Subject: East Timor Seeks Pipeline Action

The Australian

Tuesday, August 25, 2009

East Timor Seeks Pipeline Action

by Mark Dodd

EAST Timor has called for an end to delays over the development of the oil and gas-rich Greater Sunrise field in the Timor Sea after new interest from investors in Malaysia, China and South Korea.

Dili says Malaysian, South Korean and Chinese parties have expressed support for a pipeline from the reservoir to a production facility in East Timor rather than in Darwin.

East Timor Natural Resources Secretary Alfredo Pires said yesterday talks had been held recently with China on the feasibility of an LNG pipeline from Greater Sunrise to the south coast of East Timor.

While energy-hungry China is considering potential joint ventures with Dili in the Timor Sea, it is understood the talks, while resulting in support for Dili's aspirations for a shore-based liquefication plant and pipeline, did not lead to a firm commitment to bankroll the project.

After tortuous negotiations resulting in an agreement in 2007 to defer the question of a maritime boundary for 50 years, Canberra and Dili agreed to split the revenue from Greater Sunrise 50-50, a deal worth an estimated $10 billion to each country.

Mr Pires said Dili was now looking for potential development partners for the Greater Sunrise field.

"There hasn't been anything official regarding Chinese involvement but there have been indications of their interest,' he told The Australian in a telephone interview from Dili.

"Our minister for foreign affairs has gone to talk to China and some of their companies."

China had earlier undertaken a survey of the potential oil and gas prospects for East Timor, the minister said.

"Regarding Greater Sunrise, we'd like the pipe to land on the shores of Timor Leste and as soon as everyone comes round to that idea we'll be ready to go," Mr Pires said.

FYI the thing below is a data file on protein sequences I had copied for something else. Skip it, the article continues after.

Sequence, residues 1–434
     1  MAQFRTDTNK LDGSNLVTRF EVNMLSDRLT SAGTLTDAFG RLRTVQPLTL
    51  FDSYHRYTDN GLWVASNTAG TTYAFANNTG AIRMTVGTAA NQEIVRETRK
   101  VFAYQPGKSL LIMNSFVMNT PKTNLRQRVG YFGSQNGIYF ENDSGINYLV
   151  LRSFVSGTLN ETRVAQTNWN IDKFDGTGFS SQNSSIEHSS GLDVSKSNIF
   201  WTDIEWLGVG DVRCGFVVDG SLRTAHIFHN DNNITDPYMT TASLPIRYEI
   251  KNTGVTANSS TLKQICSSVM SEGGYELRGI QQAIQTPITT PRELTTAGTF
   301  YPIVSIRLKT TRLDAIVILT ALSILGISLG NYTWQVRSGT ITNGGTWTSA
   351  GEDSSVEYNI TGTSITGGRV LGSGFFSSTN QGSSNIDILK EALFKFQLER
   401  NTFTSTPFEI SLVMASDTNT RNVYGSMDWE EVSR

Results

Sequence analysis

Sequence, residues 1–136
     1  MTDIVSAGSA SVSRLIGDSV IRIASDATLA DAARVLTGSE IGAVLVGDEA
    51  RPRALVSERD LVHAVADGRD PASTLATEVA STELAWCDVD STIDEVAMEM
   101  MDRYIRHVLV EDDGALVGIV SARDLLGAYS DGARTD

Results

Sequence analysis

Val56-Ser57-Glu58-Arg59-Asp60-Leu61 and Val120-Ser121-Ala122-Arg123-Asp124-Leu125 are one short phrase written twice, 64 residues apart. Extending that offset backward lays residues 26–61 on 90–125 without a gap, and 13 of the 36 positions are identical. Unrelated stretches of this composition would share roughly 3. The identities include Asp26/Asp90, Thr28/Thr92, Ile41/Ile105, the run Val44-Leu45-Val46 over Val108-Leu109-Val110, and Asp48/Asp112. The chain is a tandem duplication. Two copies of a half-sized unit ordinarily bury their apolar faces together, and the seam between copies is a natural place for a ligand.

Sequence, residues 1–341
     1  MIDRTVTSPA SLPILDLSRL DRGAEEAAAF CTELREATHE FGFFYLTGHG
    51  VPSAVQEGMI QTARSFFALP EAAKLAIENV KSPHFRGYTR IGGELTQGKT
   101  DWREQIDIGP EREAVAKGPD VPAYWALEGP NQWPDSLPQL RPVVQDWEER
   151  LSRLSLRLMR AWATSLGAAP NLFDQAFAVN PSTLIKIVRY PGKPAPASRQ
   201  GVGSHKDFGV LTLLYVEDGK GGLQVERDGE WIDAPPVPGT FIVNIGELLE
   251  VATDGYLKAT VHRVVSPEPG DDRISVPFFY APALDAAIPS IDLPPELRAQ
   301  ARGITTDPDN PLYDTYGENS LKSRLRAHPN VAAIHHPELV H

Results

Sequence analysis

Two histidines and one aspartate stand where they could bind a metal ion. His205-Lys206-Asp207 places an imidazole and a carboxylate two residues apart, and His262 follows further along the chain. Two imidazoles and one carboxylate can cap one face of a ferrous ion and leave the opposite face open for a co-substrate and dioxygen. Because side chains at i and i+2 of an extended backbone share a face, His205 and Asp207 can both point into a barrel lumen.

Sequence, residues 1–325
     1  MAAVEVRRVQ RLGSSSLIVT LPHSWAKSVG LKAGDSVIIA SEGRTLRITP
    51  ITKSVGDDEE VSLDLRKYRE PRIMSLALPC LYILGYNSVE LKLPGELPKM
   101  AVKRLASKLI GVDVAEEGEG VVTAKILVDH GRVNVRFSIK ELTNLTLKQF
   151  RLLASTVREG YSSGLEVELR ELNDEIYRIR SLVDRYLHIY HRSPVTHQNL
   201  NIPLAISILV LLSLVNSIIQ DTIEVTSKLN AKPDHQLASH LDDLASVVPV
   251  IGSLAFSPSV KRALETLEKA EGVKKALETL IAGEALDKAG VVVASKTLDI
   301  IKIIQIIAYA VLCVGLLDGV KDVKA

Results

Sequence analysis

"The South Koreans, Petronas (Malaysian state-owned oil company) and the Thais, they are

who we've got more close relationships with.

"They've made much more serious proposals than anyone else."

A spokesman for Australian resources company Woodside said a decision on transporting gas from Greater Sunrise would be made in coming months, but currently the company favoured either a floating processing plant or tapping into the existing Darwin pipeline linking the Bayu-Undan field.

Woodside has a 33.4 per cent stake in Greater Sunrise, along with its partners Shell, ConocoPhillips and Osaka Gas.

Industry experts said last night that the cost of building a pipeline and liquefication plant on the south coast of East Timor could run to $8-10 billion for a plant with an output capacity of 3-4 million tonnes of liquefied natural gas per annum.

"Petronas has deep pockets, is one of the world's leading producers of LNG and has great expertise," said a Hong Kong-based energy expert, who asked not to be named.

"But you have to find a buyer for the gas. It would be curious for China to be involved (in building the pipeline and plant) if the customer for the gas is South Korean."


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